Darjeeling Toy Train
A century old 'legacy' serpents through the sequestered hills of the
Kanchenjunga carpeted with forests and tea plantations, hewn in a
multi-colored avian and floral metropolis and equally vibrant clusters of
tribal villages with giggling Bhutia and Lepcha women. The 'legacy' is
affectionately named the 'toy train'. What makes the sojourn so singularly
rapturous, besides the panoramic backdrop, is the trail through a
treacherous 88 km of undulating and steep gradient on a two foot narrow
gauge that celebrated its 125th birthday this July. Leaving the hung-ho
aside, welcome to the Darjeeling Himalayan Railway, a World Heritage and a
prized remnant of the British Raj - that ferries between Siliguri and
Darjeeling. A brainchild of the Eastern Bengal Railway agent, Franklin
Prestage, the engineering marvel moves on adhesion and chugs its way up to
Ghoom - Asia's highest railway station at 7,407 ft.
The Tour Map
New Jalpaiguri - Sunk - Tindharia - Gayabari - Kurseong - Toong - Sonada -
The Tour Itinerary
What is peculiar about the railway is that everytime the gradient is too
steep, the tracks are brought back a few yards and the climb begins at a
slightly different point, sketching a z-shaped zigzag-not once, but six
times in the 51-mile-stretch from Siliguri to Darjeeling.
The 8-hour voyage from New Jalpaiguri begins at about 9 AM every morning.
Forests melt into endless expanse of manicured tea-plantations that look
like giant steps on the hill, as you reach the first station Sunk (146.5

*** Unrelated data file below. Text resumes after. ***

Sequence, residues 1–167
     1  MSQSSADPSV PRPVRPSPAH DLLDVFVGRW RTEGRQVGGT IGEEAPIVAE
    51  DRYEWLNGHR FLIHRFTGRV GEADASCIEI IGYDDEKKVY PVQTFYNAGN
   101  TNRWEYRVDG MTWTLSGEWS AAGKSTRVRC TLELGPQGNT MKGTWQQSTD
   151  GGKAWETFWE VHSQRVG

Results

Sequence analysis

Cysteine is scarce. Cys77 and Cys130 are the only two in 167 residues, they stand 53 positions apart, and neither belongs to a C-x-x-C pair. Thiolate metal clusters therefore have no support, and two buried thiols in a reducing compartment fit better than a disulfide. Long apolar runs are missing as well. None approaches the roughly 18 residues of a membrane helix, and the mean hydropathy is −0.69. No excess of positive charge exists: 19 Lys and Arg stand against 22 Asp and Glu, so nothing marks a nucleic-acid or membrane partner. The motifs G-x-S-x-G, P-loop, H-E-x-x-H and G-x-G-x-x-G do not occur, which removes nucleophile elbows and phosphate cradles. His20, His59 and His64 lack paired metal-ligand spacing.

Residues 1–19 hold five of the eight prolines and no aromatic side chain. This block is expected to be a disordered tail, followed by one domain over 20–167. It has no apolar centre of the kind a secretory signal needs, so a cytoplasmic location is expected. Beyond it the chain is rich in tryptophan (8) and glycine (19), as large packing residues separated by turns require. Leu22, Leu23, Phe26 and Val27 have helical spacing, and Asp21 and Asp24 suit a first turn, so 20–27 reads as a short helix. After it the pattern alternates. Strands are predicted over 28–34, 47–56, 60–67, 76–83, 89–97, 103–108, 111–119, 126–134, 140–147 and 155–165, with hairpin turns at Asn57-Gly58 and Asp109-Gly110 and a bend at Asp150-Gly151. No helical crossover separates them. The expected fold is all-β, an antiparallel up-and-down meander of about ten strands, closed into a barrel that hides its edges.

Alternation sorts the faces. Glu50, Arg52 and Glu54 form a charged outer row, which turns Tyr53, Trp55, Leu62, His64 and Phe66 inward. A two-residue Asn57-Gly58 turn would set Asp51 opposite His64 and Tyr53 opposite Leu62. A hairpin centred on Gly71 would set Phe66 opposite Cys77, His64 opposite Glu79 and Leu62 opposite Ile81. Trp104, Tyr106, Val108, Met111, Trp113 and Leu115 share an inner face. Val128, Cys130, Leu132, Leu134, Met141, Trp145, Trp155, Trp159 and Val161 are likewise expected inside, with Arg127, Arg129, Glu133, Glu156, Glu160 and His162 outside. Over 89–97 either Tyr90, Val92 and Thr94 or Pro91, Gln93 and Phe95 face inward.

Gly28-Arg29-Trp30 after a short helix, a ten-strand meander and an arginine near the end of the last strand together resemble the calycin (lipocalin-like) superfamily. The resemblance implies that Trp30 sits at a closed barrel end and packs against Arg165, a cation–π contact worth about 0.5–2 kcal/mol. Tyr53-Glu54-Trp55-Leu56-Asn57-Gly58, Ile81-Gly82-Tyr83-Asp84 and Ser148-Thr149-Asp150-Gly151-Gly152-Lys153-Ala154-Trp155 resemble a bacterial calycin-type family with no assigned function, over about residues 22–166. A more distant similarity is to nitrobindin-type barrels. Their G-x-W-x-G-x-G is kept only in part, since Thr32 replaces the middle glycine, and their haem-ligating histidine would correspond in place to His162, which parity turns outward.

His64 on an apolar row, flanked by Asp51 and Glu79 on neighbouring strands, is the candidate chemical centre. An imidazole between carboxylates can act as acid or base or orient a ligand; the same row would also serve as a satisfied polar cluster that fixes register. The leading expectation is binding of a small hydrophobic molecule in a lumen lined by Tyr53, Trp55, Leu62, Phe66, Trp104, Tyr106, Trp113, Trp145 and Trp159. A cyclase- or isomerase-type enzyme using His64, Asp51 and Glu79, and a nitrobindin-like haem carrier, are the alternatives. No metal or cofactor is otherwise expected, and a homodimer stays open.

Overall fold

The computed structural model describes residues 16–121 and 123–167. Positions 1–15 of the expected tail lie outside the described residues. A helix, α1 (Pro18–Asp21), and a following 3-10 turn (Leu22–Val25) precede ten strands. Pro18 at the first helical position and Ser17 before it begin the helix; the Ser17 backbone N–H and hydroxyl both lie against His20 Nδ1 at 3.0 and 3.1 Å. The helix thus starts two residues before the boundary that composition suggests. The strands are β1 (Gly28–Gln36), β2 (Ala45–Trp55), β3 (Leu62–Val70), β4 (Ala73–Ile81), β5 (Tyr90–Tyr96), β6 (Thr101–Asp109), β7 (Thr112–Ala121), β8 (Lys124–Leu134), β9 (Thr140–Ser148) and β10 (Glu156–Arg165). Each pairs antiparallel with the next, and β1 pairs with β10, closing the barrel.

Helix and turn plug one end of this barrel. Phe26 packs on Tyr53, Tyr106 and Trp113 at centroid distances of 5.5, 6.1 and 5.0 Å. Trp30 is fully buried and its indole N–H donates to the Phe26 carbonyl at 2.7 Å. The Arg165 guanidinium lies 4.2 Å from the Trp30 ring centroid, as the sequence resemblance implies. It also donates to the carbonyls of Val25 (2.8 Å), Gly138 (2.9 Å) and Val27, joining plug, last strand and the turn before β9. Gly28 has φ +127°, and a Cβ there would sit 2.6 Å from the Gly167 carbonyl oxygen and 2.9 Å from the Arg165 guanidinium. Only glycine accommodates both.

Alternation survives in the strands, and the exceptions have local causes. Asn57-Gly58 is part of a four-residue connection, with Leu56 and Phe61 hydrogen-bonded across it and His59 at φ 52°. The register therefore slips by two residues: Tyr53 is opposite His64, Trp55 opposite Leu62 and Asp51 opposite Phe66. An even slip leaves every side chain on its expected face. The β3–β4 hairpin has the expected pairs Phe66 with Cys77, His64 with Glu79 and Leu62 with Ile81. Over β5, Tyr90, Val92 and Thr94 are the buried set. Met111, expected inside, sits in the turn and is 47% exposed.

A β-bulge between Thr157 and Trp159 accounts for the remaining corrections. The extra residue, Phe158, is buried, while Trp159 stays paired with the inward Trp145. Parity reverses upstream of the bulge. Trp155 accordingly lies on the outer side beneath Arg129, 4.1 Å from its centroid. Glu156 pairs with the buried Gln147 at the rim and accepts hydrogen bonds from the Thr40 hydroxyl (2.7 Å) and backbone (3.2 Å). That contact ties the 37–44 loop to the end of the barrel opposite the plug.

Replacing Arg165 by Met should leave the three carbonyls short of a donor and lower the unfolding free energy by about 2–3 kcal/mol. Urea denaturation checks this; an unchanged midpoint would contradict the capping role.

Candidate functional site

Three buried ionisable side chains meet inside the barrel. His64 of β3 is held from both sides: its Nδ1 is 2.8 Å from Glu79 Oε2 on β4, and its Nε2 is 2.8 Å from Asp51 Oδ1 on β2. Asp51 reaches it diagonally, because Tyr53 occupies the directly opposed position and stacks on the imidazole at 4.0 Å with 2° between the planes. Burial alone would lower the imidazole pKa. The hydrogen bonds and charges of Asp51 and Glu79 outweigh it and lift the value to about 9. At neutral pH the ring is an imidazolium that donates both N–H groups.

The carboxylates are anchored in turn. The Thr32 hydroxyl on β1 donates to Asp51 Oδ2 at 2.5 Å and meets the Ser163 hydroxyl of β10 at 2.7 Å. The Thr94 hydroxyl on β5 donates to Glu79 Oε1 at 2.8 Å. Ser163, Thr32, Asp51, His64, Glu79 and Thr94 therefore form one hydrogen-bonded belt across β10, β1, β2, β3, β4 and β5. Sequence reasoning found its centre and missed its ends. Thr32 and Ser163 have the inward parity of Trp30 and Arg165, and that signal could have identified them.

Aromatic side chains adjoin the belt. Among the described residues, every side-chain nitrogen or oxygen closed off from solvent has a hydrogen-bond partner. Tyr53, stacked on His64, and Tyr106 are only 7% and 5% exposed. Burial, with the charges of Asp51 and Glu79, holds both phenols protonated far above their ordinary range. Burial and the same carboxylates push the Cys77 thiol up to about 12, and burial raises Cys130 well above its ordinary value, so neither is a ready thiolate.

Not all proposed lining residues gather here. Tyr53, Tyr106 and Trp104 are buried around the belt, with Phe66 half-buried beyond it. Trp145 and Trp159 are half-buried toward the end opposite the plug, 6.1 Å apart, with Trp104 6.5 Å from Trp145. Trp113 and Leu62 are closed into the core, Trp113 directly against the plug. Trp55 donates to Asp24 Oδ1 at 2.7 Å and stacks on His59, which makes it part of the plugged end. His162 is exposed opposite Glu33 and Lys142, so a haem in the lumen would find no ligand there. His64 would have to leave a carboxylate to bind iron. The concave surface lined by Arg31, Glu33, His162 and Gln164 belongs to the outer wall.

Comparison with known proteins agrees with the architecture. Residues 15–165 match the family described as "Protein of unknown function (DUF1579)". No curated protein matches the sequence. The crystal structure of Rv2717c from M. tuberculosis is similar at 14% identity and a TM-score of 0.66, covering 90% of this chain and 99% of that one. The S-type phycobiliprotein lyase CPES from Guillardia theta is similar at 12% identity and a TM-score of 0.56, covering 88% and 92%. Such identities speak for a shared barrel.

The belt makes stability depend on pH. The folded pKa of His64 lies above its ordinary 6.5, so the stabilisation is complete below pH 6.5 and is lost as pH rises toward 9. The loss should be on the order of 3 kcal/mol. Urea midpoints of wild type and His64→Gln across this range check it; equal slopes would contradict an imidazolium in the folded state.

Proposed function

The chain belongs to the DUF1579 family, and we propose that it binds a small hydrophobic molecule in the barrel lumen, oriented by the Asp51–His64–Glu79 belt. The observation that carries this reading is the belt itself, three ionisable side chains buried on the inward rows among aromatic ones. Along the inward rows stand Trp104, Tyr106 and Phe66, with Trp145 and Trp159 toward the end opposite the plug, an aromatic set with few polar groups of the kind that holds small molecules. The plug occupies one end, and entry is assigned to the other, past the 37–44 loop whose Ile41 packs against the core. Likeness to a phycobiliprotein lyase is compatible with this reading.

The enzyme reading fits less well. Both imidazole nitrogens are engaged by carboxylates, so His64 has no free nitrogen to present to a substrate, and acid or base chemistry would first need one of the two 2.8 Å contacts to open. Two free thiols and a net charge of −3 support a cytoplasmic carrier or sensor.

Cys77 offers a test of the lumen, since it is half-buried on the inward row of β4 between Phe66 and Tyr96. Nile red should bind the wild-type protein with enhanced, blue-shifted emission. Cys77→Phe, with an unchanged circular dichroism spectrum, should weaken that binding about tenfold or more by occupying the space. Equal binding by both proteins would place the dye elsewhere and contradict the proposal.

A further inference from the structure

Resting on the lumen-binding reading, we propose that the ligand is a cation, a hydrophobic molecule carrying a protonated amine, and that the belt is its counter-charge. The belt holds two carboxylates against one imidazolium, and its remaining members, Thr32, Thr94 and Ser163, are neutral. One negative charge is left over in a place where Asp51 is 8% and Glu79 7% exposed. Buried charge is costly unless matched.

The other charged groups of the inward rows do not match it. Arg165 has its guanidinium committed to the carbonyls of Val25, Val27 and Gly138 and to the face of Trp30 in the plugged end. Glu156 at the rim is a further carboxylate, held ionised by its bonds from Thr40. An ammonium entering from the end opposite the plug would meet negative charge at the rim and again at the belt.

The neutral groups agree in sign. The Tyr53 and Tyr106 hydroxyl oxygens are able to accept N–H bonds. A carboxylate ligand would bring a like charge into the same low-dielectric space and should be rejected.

mt). The first spiral loop begins as the train painstakingly puffs through
an almost impenetrable thicket of Sal, Toon, Teak hewn with purple
bougainvillea, the scarlet poinsettia and the exotic mauve orchids that
cloister a world of breathtaking beauty of roaring waterfalls and gurgling
At about the 22nd km, is another complicated loop. The travellers then
experience their first reversing zigzag as the train whistles through its
next loop at Chunbati (2,000ft) scaling greater heights to reach the station
at Tindharia (2821 ft).
the train heads for another reverse, the last one at 3,400 ft just after
Gayabari Station where the line runs close to the edge of a precipice with
the Pagla Jhora or "Mad Torrent", a thundering waterfall in the
distance which in its fury washes away road and track, houses and shops
every few years cutting off Darjeeling for days during the monsoons.
The next one, Mahanandi Station at about 48 km, gives one a glimpse of the
source of the river. Another kilometer or so, and the Kurseong Station
(4,860 ft), or "The Land of the White Orchid" emerges, as the
train whistles through the streets and shops with little children screaming
The train heads for the Toong Station (5,565 ft) with the mighty
Kanchengunga in the backdrop, hypnotizing the beholders and the thought of
chasing such heights in a Tom Thumb Carriage, tingling their nervous system.
Piercing through dense fog, the train reaches Sonada Station (6,552 ft) -
known for its wild bears, bounty of fruits, vegetables, milk and Darjeeling
From here the train snakes along twisted paths along the Senchal Lake,
Tiger Hill, Kalimpong and the many tea gardens to alight at the Indo-Nepal
Border - Ghoom (7,407 ft) - enveloped eternally in a mist and dotted with a
legion of colorful monasteries. From here the train starts descending
towards Darjeeling to reach the most spectacular engineering feat on the
line - the double loop at Batasia, aptly named the "Agony Point"
after the churning it does to one's stomach - with the breathtaking
snow-white peaks of Kanchenjunga as a backdrop. At Batasia, there is a
memorial to the Gorkhas. After a painstaking trail, the train takes its last
drink of water before teetering precariously on the hillside to reach its
final destination, the Darjeeling Station.
Right from big-wigs in the literary world (Mark Twain called the journey
his most enjoyable day on earth) and nature enthusiasts to the Bollywood -
the toy train so synonymous with Darjeeling - continues to mystify its
guests with a journey one of its kind.